- "Gourmet" Cooking Tips, with Mean Gene Okerlund and... the Bushwhackers. Why?!?! Their expertise' in cooking includes blowing snot into their mashed potatoes, and getting gassy from eating Brocolli. Then, somehow, they reuse footage from the FIRST Supertape, with Gene dressing up like a Bushwhacker while they do some barbeque, and then we return to "new" footage to finally put an end to this nonsense. WHY MUST I BE FORSAKEN WITH BUSHWHACKERS!?!
Big Bossman vs. Earthquake (w/ Jimmy Hart):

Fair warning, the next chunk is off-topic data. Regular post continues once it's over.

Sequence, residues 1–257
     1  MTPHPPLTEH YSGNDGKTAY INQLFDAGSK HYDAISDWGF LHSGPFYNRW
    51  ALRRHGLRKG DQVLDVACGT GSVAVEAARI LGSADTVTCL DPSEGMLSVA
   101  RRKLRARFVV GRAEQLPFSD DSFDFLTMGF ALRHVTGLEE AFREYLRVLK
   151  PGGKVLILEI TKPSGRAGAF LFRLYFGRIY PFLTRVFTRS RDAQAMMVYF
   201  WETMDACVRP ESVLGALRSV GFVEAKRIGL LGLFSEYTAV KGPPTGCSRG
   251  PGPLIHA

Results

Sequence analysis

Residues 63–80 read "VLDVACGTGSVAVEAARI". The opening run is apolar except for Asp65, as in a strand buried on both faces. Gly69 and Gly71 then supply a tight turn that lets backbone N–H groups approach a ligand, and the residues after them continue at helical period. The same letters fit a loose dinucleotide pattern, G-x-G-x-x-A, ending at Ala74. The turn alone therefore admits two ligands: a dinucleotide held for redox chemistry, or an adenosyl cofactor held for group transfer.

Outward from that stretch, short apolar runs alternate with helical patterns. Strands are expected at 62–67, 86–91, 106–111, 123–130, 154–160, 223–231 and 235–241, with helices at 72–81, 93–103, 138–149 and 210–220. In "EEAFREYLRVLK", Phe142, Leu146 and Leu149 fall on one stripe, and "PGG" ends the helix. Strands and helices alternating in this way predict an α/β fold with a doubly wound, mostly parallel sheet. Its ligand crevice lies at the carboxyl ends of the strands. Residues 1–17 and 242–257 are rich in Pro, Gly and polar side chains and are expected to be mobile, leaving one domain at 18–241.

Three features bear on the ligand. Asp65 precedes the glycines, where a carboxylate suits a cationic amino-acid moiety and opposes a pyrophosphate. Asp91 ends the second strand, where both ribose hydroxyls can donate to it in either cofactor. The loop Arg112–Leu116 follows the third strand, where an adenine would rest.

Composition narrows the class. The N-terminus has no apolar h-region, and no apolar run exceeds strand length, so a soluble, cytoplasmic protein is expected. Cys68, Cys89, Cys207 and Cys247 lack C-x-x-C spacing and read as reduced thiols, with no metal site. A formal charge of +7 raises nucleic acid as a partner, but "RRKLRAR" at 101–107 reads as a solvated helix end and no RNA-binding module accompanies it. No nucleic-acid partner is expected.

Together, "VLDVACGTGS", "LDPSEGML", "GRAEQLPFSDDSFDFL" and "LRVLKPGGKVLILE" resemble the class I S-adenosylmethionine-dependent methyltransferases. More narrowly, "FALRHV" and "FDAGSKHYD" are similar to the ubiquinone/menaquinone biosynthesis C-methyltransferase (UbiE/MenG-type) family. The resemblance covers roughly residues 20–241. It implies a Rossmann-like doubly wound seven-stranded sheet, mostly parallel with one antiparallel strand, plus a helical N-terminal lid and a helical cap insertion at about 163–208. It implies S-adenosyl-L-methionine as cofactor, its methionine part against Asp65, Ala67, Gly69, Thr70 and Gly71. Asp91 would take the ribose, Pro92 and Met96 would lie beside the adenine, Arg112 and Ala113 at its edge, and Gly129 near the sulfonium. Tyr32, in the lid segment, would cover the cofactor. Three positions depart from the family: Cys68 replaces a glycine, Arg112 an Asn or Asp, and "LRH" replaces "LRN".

It's time for the Coliseum Profile on a random WWF Superstar/Tag Team, and this time it's none other than the man from Cobb County, GA himself, the Big Bossman! This one is pulled from the Maple Leaf Gardens, originally held on September 16th, 1990. Bossman charges the ring and scares away Quake with his nightstick. Listening to an record of Sean Mooney and Lord Alfred could cure insomnia. Stalling, and finally a lockup, won by Earthquake. Lockup and repeat. Mooney references the WBF in regards to Earthquake's physique. Bossman slaps on a headlock and jerks Quake around. Quake goes for a hair pull, but that doesn't work on the buzzcut of the Bossman. Bossman uses his speed to avoid Quake's Bull Charge. Quake traps Bossman in the corner and puts him down with a slam, but misses an elbow flop. Bossman heads outside to chase Jimmy Hart around, then returns to the ring to hammer away on the Quake. Bossman avoids a charge and trips Earthquake up for a two count. Earthquake is back in control, though, and puts Bossman down with a clothesline. Earthquake remains in control, as Lord Alfred talks about the camera work. You know it's boring when Lord Alfred calls attention to the camera men. Quake with an early version of the Stinkface, suffocating Bossman in the corner with his backside. Earthquake sits down on the chest of the Bossman, who sells it like he had an anal evacuation. Quake with some bitch slaps, and Bossman responds with his own. Quake tosses Bossman down and drops an elbow, then steps across the chest, because he's fat. Quake with an atomic drop, then chokes across the middle rope. More stomping and walking all over Bossman, and it's just putting me to sleep. Bossman comes back with an enziguri, then comes off the ropes with a series of clotheslines, trapping Earthquake in the Andre the Giant Special ™. Bossman with a cross body across the midsection, then a shot to knock Jimmy Hart off the apron. Dino Bravo comes to ringside, distracting Bossman long enough for Earthquake to knock him down and drop an elbow for the three count at 10:06. Well, that sure as hell came out of nowhere. Tugboat makes the save before further punishment could be dished out to the Bossman, though. He also miss timed his run-in, as Quake was about to drop ass before Tugboat hit the ring, and just stopped before we even see Tugboat enter the view of the camera.